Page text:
The UIA cases that will be identified through this work will help inform ongoing refinements to the SUD model, signposting innovative ways to reach climate neutrality whilst sustaining skills, jobs and businesses. Three specific dimensions of this transition process are of special interest here:

  • Forecasting new skills
  • Supporting emerging green sectors; and
  • Skilling and reskilling

A short chapter on each of these is included in this section, to set the scene for the work ahead.

As economist Edward Glaeser put it, urban economic success is dependent on a city’s ability to nurture, (re)train and attract talent.[1] However, skill requirements are ever-changing and causing great difficulties for both employers and workers to make sense of them and to engage in a viable match. While economies are recovering from COVID-19, there is a sizeable group of vulnerable workers that runs the risk of increased alienation from the labour market. To prevent this, it is paramount to realize accurate, timely and relevant information on jobs and skills. This input is critical for promoting sustainable urban development in Europe: anticipating and addressing future skill shortages is dependent on understanding the skills supply needs. As such, skill forecasting is a critical first step for cities to successfully transition into the Next Economy. Ultimately, it is a prerequisite for avoiding mismatches between job seekers and jobs, which are occurring across the world. How can this be accommodated, especially in the light of the green energy transition?

Before answering this question, it is important to denote that mismatches are a matter of information transparency. Drawing an analogy with the dating market, in simplified terms, the matching process between job seekers and jobs is prone to information gaps stemming from the heterogeneity of actors involved. Both parties need to engage in a costly and time-consuming process to find each other and determine compatibility. [2] In recruitment processes, for instance, this translates into a pre-selection, selection, and interview stage, to establish person-job fit: compatibility between an individual and a job and its tasks.[3]

As such, a key first step in the matching process between workers and firms is to realize a common understanding of the skills involved through an underlying skill classification (taxonomy.) Examples of leading taxonomies include the US-based O*NET and ESCO in Europe. Both are classifications of skills which are tied to specific occupations. By coupling these, it provides an in-depth and common understanding of worker and job characteristics. Based on this common perspective, both employers and workers can be provided with the required common ground in pursuit of a match.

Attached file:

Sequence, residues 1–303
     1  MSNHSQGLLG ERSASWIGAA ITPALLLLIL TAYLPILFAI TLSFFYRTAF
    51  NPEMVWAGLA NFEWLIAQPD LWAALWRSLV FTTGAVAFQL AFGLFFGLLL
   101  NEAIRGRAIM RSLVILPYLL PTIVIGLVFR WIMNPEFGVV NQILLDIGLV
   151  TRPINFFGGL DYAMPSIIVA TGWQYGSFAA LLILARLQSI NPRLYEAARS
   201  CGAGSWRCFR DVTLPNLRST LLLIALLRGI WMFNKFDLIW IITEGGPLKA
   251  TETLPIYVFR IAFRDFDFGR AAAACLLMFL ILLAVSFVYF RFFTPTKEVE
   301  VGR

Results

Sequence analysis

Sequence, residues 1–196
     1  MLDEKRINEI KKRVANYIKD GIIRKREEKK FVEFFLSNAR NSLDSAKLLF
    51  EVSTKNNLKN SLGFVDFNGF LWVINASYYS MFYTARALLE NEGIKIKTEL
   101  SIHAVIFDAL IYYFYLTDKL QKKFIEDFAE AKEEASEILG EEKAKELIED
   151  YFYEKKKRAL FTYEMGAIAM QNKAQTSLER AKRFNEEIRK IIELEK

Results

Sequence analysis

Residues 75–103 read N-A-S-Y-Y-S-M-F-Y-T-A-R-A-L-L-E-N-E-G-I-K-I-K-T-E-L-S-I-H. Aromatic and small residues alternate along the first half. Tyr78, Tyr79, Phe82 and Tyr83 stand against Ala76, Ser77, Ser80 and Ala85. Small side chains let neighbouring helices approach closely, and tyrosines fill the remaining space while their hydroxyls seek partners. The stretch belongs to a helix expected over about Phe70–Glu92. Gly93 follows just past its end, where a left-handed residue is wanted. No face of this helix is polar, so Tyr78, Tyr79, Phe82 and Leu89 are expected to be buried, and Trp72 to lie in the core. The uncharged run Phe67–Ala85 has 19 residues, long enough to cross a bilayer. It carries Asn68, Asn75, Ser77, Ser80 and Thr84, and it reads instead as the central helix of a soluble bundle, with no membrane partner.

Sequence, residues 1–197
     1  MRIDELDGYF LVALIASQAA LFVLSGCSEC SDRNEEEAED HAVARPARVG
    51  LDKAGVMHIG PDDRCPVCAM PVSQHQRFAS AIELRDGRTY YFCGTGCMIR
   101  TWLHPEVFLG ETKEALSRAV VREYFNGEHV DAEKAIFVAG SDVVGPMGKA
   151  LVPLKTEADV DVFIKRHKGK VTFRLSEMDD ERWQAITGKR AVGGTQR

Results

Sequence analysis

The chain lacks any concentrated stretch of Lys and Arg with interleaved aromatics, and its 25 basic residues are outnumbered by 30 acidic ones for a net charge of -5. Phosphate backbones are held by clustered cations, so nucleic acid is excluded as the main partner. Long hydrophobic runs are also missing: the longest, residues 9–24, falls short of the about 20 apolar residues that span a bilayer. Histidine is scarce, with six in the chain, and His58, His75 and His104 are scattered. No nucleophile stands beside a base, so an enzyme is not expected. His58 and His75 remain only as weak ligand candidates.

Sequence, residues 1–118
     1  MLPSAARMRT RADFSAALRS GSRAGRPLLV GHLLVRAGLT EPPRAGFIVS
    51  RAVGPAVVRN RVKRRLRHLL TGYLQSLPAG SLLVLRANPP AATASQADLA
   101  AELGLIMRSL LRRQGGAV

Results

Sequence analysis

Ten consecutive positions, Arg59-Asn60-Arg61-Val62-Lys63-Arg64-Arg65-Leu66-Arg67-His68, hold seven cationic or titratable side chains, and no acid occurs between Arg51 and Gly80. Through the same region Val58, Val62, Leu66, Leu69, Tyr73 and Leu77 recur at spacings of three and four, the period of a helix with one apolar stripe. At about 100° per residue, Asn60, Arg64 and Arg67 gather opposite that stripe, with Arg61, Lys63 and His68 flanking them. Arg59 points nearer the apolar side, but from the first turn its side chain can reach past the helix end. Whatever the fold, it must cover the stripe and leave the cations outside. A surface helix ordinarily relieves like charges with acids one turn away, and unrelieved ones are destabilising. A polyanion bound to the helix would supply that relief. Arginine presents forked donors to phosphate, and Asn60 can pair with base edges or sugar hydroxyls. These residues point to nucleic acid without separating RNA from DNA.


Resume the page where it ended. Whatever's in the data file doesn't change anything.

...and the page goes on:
Once this common ground is established, the dynamics of changing skills can be captured and used for short-term and long-term labour market projections and forecasts: which jobs will cease to exist, which will appear, and how do existing jobs change.  There are three drivers for change to consider. The first is the exponential growth of technology. This has severe implications for the relevance of routine and non-routine based skills. The former will significantly decrease in demand due to robotic process automation (RPA) and AI. Instead, there will be higher demand for cognitive skills, such as abstract reasoning. Second, changing demographics can drastically alter the landscape for many sectors of industry, with the proportion of workers aged over 65 increasing in many parts of the world (for instance, in 2030, the number of people aged 65 or over in Western Europe grows to 55%, compared to 42% in 2017). The question is how labour markets can adjust to this shift in worker demographics. Third and finally, climate change and its accompanying green transition call for specific knowledge and skills.

This research initiative will shed light on the challenges and barriers cities face, showcasing hands-on practice and policy responses through case studies, resources and strategies adopted by UIA cities. One focal point, for example, is the matter of who is around the table: which key stakeholders and partnerships are required to engage in forecasting effectively? The assignment will also consider the frameworks being used to codify this skills intelligence, as well as checking how this is packaged for effective use by policy makers and end users. For instance, previous research has identified several drawbacks pertaining to skills intelligence, including high levels of complexity and abstraction[4], as well as their lack of regional and contextual specificity[5].  O*NET, for example, is applicable to the US labour market, but to what extent does it apply to other regions and cities? Furthermore, leading taxonomies do not emphasize the specific skills required for the green skills transition, referred to as “competences for sustainability”.[6]

Several UIA projects are engaged in pioneering work on skills forecasting and the above-mentioned issues. A few examples are the Dutch high-tech city Eindhoven, a smaller Spanish city, Cuenca, in the niche area of urban forestry, and Aveiro in Portugal. In the Eindhoven Passport4Work project, the O*NET taxonomy is used as a basis for a new Dutch skills language. This skills language is key to facilitate green energy transitions within construction and health care (for instance, to achieve gas-free neighborhoods in the Eindhoven vicinity). In Cuenca, the utility and development of 21st Century Skills are central to its forest bio economy.  In Aveiro, the growing importance of digital skills is addressed through its Labour Observatory, which is involved in the forecasting of qualification and requalification needs.